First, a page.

2017 NACSA Leadership Conference Remarks
Remarks at 2017 NACSA Leadership Conference
October 17, 2017
It is my pleasure to welcome you to the 2017 NACSA Leadership Conference. I am Scott Pearson, the executive director of the DC Public Charter School Board and Chair of NACSA’s Board of Directors.
What an inspiring introduction we just saw – hearing directly from the people whose choices are making a difference. And from Miguel whose life was changed because of a decision made by an authorizer just like you.
Our choices matter for the millions of students who deserve better. Who deserve a school that will be bold and creative and prepare them for a life of unlimited opportunity.
I want to thank Greg Richmond, who has made NACSA a tremendous resource to all of us. It’s a pleasure to work with Greg on the NACSA board, and it’s a pleasure to work with Greg in my capacity as the authorizer in DC.
I also want to take a moment to recognize the Arizona State Board for Charter Schools, the primary authorizer here in Arizona. Ashley Berg and her team provide oversight to more than 500 charter schools across the state. They are working hard to fulfill their mission to provide quality educational choices to students and families across this great state. Let’s give them a round of applause.
This is my favorite professional event of the year. I, like all of you, wrestle every day with some really tough issues as an authorizer. And sometimes I feel alone. Sometimes I feel like these are issues with no right answer – where every choice feels wrong in some way. And then I come to NACSA and I am reminded that I’m not alone – that we are a community, all struggling to find the best way forward, all here to learn from each other, all here to shape the evolution of charter school authorizing.
I talk about the challenges of being an authorizer, but don’t get me wrong. This is hands-down the best job I have ever had. I have NEVER had such an opportunity to make a difference for kids, for my city, and for my country.
My choices have a direct impact …
- On the kind of schools children go to;
- On whether incredible entrepreneurial school leaders feel supported or burdened;
- On whether public schools in DC get better or worse;
- On whether we make progress closing the achievement gap, integrating our schools, and building confidence in public schooling.
Ultimately, my choices as an authorizer will determine whether most people see charter schools in my community as a good thing or a bad thing.
You see, charter schools are the single most significant innovation in public education in fifty years. But their story is still being written.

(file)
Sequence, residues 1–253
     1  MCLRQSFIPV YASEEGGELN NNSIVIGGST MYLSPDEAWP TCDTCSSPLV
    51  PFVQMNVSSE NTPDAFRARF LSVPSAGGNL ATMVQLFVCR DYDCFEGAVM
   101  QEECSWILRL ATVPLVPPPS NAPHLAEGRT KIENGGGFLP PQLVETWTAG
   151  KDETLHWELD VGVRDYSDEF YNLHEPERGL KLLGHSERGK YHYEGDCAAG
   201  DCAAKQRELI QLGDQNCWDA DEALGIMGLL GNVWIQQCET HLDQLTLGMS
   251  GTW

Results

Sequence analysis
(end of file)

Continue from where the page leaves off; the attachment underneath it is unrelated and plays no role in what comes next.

Will they improve student outcomes, close achievement gaps, spur improvements in traditional schools, and draw more families into public schools?
Despite pathbreaking analysis by CREDO and Mathematica and others, the ultimate answers aren’t yet known. But I’ll tell you what is absolutely certain: the choices all of us in this room make will have a huge impact – maybe the biggest impact – on the ultimate outcome.
We, the authorizers, are the levers of change. We can stifle this movement with overregulation. We can squelch promising new ideas and leaders. We can let this movement sink into mediocrity by tolerating poor performers. Or we can nurture promising leaders; grow our best schools; find smart, low-burden ways to monitor our schools without distracting them; and have the moral courage to do our hardest job – closing low-performing schools.
We, more than anybody else, can determine whether charter schools in our communities and in our nation realize their extraordinary potential. And that’s why I love my job – I have never felt such a sense of potential and possibility as I do as a charter school authorizer.
I’ve talked about choices. And each of us has to make them every day. Some are easy, some are devilishly hard – pitting competing values that have compelling claims.
All of these choices add up, and you can actually see the results. You can see the result of your choices in the portfolio of schools you oversee. Their quality, their compliance with the law, their openness to all kids, their dynamism, their relationships with you – it’s all there, and it’s all the sum of your authorizing choices, both formal and informal. Because our job is more than just to “follow the law”; our job is to build the strongest possible portfolio of schools. I’ll put it simply: you cannot be a good authorizer with a portfolio of bad schools. You just can’t.
NACSA’s new strategic plan is built on this basic truth, and it focuses on better outcomes. Because, after all, none of us got into this work just to check the box and follow the law. We got into this work because we want the children of our great nation to have a better chance at realizing their potential. We got into this work so that our schools offer poor children a path to the middle class. We got into this work to chip away at the achievement gap – which is, more than anything else, the legacy of racism and slavery that is our nation’s original sin. We got into this work to re-imagine what public schools are, and to show everyone just how good they can be.
That’s our promise. That’s our potential. That’s why we are authorizers. We have the power to do good. And we have to choose to use that power.
One woman who is using her power to change lives is Mashea Ashton. I’m fortunate to know Mashea as a friend and a colleague. She’s the vice chair of the NACSA board. And she recently completed service as the CEO of the Newark Charter School Fund, where she cultivated the growth of one of the best charter school sectors in the country. I’m particularly happy that Mashea’s next mission is to launch a new charter school – Digital Pioneers Academy – in my home of Washington, D.C.
Ladies and gentlemen, please welcome Mashea Ashton.